During the warm-up, Jah Tubbys’ bass came in so heavy that it cracked the newly renovated swimming pool in the floor above.

The radio exposure led to some early DJ gigs at Paradiso and Melkweg, playing before and after huge acts like Burning Spear and Aswad. “The first few times we had to stand in the DJ booth, had to play quiet, don’t create too much fuss. After that I brought MC Lyrical Benjie and we played like it’s soundsystem. It was a session. That was the start of King Shiloh Soundsystem.” The OCCII sessions followed, heaving nights in a former squat turned legalised DIY music venue in Amsterdam’s Old South district. “The OCCI was the first place we started to make an impact,” says Neil. Then came Dub Club Y2K, a residency at Paradiso that lasted between 1999 and 2003.

The mystical Jah Shaka at the Shiloh Sound System Weekender, Elementenstraat, Amsterdam Desiré van den Berg

Dub Club Y2K opened up Amsterdam to the UK soundsystem scene by inviting London dons like Jah Shaka, Aba Shanti-I and Jah Tubbys to perform in the Netherlands for the first time. Dub Club Y2K had one rule: artists must bring their own soundsystem – a rule Paradiso paid for in 2001 after Jah Tubbys’ seismic debut. “We got 960 complaints that night,” Neil recalls, laughing. The following year, on March 1st, 2002, King Shiloh made their London debut as the first foreign soundsystem to perform at the University of Dub – “the time Jah Tubbys broke the ceiling,” says Neil, recounting one of the worst and best nights in King Shiloh’s history.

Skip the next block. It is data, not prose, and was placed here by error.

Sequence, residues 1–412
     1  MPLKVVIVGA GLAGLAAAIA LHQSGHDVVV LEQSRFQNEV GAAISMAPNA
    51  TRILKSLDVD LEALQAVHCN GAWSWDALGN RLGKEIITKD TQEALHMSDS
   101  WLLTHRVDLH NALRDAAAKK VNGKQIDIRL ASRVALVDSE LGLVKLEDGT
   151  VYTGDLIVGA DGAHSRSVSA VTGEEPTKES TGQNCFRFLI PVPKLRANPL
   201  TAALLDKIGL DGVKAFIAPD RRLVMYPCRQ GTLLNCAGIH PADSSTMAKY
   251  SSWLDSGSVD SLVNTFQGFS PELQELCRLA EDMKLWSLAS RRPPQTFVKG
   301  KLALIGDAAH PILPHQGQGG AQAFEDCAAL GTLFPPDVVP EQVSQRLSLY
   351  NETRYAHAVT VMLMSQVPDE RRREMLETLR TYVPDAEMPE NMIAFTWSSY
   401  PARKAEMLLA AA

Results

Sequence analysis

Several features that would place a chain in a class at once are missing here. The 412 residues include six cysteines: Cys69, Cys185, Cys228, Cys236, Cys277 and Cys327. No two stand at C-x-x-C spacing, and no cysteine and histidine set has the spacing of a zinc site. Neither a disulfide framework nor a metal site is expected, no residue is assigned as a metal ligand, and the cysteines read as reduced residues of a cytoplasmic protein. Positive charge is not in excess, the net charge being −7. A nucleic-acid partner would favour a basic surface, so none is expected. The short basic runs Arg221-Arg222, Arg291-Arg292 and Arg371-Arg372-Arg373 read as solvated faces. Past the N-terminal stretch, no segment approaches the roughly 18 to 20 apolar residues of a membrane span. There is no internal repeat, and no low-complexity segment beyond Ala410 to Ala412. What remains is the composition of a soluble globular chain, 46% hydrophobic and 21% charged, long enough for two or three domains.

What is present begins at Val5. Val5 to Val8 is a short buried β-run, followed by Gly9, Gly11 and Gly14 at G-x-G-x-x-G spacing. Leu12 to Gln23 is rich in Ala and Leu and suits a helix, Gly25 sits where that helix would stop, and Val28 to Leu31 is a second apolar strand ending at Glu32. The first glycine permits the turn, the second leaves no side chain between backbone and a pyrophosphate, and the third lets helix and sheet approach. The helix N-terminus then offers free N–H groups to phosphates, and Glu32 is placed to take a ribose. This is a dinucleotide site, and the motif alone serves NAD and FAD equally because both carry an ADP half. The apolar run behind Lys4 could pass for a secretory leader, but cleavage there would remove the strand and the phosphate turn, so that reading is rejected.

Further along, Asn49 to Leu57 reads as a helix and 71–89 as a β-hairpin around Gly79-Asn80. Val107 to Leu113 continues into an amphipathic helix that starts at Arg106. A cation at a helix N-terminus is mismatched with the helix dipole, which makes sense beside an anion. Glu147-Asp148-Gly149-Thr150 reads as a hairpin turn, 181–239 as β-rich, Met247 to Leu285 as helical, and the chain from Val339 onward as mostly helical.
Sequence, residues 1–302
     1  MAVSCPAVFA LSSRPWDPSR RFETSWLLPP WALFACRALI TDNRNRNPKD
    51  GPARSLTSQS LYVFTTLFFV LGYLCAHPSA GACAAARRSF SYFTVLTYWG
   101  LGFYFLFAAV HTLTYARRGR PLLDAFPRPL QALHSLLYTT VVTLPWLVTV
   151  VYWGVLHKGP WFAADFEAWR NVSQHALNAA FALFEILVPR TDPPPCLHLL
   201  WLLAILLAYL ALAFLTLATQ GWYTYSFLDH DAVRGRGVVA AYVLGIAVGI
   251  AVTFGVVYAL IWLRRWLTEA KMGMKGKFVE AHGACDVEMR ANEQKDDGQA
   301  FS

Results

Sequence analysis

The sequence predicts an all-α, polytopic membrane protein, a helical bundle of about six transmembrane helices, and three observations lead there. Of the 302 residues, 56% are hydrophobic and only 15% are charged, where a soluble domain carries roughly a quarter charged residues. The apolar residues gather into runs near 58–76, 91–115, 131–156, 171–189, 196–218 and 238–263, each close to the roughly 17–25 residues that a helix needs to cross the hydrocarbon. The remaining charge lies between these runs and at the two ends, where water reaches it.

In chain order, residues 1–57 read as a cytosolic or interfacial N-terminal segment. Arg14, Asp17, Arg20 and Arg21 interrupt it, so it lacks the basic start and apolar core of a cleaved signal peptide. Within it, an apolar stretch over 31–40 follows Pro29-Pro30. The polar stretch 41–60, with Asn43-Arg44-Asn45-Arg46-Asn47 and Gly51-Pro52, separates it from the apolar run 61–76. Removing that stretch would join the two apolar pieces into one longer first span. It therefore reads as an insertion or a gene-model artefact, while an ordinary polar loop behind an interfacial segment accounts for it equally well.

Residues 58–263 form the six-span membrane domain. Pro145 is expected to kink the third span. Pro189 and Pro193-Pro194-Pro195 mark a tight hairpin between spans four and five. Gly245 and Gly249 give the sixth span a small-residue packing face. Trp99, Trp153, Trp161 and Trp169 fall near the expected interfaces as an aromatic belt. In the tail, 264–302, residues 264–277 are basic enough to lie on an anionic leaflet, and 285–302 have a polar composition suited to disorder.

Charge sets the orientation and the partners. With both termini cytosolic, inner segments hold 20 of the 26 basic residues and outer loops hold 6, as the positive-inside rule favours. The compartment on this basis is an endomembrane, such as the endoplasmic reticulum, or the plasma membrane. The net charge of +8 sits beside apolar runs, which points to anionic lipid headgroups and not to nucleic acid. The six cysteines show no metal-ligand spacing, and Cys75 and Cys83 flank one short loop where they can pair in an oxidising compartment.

That night King Shiloh were literally baptised into “the champions league” of soundsystems. During the warm-up, 30 minutes before the doors of the Brixton Rec were due to open, Jah Tubbys’ bass came in so heavy that it cracked the newly renovated swimming pool in the floor above. “Suddenly, I’m soaking wet. Lyrical Benjie next to me is soaking wet. There’s wet all over the amplifiers. I’m turning everything off. I could have been electrocuted. I was crying inside. We made all these preparations, it was our big day and we didn’t even get to play one record when the doors opened.” The session did go through in the end, but at a reduced power – “like one of those silent dances,” says Neil. King Shiloh have more than made up for it in the years since, playing many times at University of Dub.